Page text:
Bill’s efforts have not gone unnoticed: he was honored by the Detroit Jazz Festival as a recipient of its Jazz Guardian Award in 2007 and in September, 2013 received the Spirit of Detroit Award from the City of Detroit as well as a Knight Foundation Arts Challenge award. His concept for the Knight Foundation Arts Challenge is Jazz-Off Detroit, which will assemble two jazz ensembles through performance competitions, one consisting of musicians 30 years of age or older and the other of musicians under 30. The JJA’s Jazz Hero Award is not, of course, tied to any age requirement or restriction — it just asserts that Bill Foster deserves applause as an activist, advocate, altruist, aider and abettor of jazz.

-Viva C. Foster

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The transformative power of arts education

The transformative power of arts education is a core belief at the Jazz Network Foundation, where we understand that the arts are not a luxury but a necessity for the holistic development of individuals and communities. Masterclasses, a cornerstone of our educational outreach, provide an invaluable space for burgeoning talent to interact with seasoned artists, offering a conduit for the transmission of skills, traditions, and the intangible nuances of jazz.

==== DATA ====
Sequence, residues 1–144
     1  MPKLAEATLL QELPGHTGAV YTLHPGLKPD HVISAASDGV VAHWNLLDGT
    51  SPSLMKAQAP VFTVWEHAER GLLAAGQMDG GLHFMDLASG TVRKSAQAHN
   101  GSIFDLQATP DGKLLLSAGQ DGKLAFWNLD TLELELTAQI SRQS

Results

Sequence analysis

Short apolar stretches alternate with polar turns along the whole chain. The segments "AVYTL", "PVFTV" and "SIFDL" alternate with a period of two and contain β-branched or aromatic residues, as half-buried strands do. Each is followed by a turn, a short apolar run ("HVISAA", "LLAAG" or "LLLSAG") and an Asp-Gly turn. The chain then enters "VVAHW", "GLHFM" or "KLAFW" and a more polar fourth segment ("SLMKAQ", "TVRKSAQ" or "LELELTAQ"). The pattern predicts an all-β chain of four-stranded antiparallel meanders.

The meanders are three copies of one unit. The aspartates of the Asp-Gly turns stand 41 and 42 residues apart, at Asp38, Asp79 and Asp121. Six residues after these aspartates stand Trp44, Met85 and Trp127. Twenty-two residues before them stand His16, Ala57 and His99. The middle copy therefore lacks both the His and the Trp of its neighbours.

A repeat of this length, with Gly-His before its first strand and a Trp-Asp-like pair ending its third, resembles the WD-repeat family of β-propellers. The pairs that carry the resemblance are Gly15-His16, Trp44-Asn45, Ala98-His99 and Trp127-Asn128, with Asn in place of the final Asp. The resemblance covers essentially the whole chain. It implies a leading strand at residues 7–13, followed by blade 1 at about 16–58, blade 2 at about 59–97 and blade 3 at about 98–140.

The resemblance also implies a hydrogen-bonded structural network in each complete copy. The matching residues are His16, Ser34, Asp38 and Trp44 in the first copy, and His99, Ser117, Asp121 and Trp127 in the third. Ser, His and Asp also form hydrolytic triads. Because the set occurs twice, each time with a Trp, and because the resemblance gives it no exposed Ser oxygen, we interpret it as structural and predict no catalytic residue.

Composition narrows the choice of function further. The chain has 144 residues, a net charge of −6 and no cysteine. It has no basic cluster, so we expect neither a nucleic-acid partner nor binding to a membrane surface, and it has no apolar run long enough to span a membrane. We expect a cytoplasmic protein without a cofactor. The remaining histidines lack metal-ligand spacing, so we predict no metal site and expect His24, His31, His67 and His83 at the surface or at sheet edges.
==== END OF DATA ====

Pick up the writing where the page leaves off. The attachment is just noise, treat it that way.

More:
The immersive experience of a masterclass goes beyond conventional learning; it is an intimate exchange where students absorb the subtle artistry and the profound cultural heritage of jazz. These interactions are vital for keeping the art form alive, ensuring that jazz continues to evolve while retaining its roots. For Detroit, a city with a storied musical legacy, such educational initiatives are critical for nurturing the next generation of musicians who will carry the torch of the city’s rich jazz heritage.

The Jazz Network Foundation, through its masterclasses and educational programs, is committed to advocating for arts education. We believe in empowering individuals through the arts, fostering a vibrant cultural scene, and contributing to the socio-economic vitality of Detroit. The arts are not just for creating artists; they are essential for creating a well-rounded, culturally aware society.